Figure 3: Optimizing warehouse space by using the digital assistant.

Warehouse specialists might wish to compare scenarios of different target warehouse utilization; for example, set the target utilization to 88%. Or workshop different demand scenarios, such as What happens if my demand goes up by 5%?– in case of changes in the future. These can both be seen in Figure 4. After each scenario runs, the list of scenarios in the right pane is updated and can be compared at a high level. For a more in-depth comparison, users can switch to view the data in a SAS Visual Analytics dashboard and filter for different scenarios. These are updated in real-time as the user interacts with the chatbot.

Figure 4: Scenario analysis for warehouse optimization.

However, a warehouse specialist might not understand the complex equations at work behind the optimization model. Another functionality of this iteration of the digital assistant is explainability, as seen in Figure 5. Users can ask why a certain result was given, and the chatbot will explain at a high level how the optimization model makes decisions. This gives both technical and non-technical users the confidence and understanding to make their decisions.

Figure 5: Warehouse optimization results explainability.

Finally, an additional feature available through this chatbot is the ability to interact with and filter output data from the chatbot in an automatically updated SAS Visual Analytics dashboard containing all scenarios.

These game-changing capabilities showcase integration between trustworthy SAS Analytics and Generative AI. Users can trigger SAS scripts and view the output in the user interface and a SAS Visual Analytics dashboard.

Project architecture

This project represents an implementation of the same architecture as a digital assistant to aid users in a recipe optimization problem. It combines Python and SAS with different components distributed across three separate servers, as shown in Figure 6.

  • UI/UX Server (green boxes):
    • The chatbot interface is built by using the Gradio library in Python. This server (or localhost) runs Python along with UI/UX elements and handles LLM-based interactions by using the LangChain library.
  • Analytics Server (blue boxes):
    • This server hosts the customer data, runs SAS Viya, and can also host a SAS Visual Analytics dashboard if desired. The recipe optimization problem is coded by using PROC OPTMODEL and is run on the analytics server.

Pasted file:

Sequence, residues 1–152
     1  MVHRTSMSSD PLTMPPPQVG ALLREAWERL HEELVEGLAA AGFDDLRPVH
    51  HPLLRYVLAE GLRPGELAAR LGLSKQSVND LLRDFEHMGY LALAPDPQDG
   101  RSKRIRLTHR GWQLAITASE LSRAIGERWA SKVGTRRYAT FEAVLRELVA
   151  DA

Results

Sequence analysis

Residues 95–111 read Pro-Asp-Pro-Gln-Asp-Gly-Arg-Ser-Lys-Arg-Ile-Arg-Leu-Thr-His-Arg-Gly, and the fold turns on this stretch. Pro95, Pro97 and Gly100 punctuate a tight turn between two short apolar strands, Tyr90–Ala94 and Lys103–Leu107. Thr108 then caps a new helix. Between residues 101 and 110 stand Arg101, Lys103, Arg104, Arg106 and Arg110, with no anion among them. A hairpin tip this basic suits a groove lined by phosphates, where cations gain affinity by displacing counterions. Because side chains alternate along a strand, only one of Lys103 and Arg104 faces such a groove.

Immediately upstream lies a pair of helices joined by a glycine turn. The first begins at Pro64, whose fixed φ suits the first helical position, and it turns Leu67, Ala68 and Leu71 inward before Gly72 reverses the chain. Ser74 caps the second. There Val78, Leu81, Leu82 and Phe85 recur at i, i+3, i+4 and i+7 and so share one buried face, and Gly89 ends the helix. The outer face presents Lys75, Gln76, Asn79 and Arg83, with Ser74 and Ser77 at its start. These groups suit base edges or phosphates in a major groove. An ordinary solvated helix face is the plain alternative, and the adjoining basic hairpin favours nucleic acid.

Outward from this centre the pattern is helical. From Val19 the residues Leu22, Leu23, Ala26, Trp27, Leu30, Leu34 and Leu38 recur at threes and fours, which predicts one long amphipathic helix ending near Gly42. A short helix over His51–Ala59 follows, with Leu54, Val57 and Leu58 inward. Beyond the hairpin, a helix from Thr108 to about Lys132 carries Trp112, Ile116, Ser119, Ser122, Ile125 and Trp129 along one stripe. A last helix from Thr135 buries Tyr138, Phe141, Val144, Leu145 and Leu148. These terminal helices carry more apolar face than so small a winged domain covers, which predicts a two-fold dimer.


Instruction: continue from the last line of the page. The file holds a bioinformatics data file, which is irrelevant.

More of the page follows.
• LLM Server (orange boxes):
    • This server hosts the LLM, which is ‘GPT-4’ in our case. The LangChain agent is initialized in the UI/UX server, and API calls are made from the agent to this server to understand which tool needs to be executed.
Figure 6: The architecture of the digital assistant’s different components. As indicated by the box color, the components are distributed across three separate servers.

Component customization

SAS script

This piece of the digital assistant was customized to the use case. This enabled us to plug and play with pieces of the assistant without changing the overall infrastructure. A completely different SAS Script was used for this digital assistant.

LangChain prompts and tools

There are many different prompts and tools or Python functions available to the LLM that we pass in the back end to the LLM so that it behaves accordingly, including Prefix, Suffix, Format instructions, and tool descriptions. For a more detailed explanation of each of these, see here. For this, we changed only a sentence in the Prefix, and we wrote new tools (Python functions) to interact with the optimization model and output as needed (see Use Case section), each with its own description.

SAS Visual Analytics dashboard creation

Unlike the previous digital assistant, this use case also includes a SAS Visual Analytics dashboard. The dashboard is populated with data from the optimization model and subsequent scenario analyses after a command from the UI is run. This enables the user to easily compare and interpret results at a fine-grained level, similar to how the customer performed this analysis before but integrated with SAS Analytics and the chatbot.

Aesthetic interface changes

In addition to the practical changes noted above, there were a few changes made to the interface, such as the display of base and alternate scenarios on the right pane, the link to the SAS Visual Analytics dashboard, and info about the current scenario. These were cosmetic changes and can be easily made by subsequent users.


This project demonstrates how the SAS digital assistant architecture can be repurposed for a warehouse optimization use case, with only small tweaks made to the original recipe optimization digital assistant code. With these changes, users can use conversational language to optimize stock distribution between warehouses, assess incoming shipments, run scenario analyses, and view all output data in a SAS Visual Analytics Dashboard, tasks previously achievable only by data scientists and analysts. The integration of the black box technology of Generative AI and SAS Optimization enables both non-technical and technical users to create and use a trustworthy analytical framework to solve optimization use cases and more. This infrastructure has been used by other SAS teams for demos in the banking and education industries and is currently being expanded for a supply chain optimization use case.